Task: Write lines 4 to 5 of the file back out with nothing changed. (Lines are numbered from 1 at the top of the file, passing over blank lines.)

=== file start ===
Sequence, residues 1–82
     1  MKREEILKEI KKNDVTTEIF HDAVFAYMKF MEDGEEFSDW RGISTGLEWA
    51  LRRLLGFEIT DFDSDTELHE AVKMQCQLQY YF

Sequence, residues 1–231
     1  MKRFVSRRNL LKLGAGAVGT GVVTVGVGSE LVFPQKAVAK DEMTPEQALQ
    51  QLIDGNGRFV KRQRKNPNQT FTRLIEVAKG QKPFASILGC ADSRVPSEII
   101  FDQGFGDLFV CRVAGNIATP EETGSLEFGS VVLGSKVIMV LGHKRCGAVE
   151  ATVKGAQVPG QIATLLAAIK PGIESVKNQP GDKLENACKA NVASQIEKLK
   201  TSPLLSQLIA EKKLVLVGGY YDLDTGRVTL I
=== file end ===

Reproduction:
Sequence, residues 1–231
     1  MKRFVSRRNL LKLGAGAVGT GVVTVGVGSE LVFPQKAVAK DEMTPEQALQ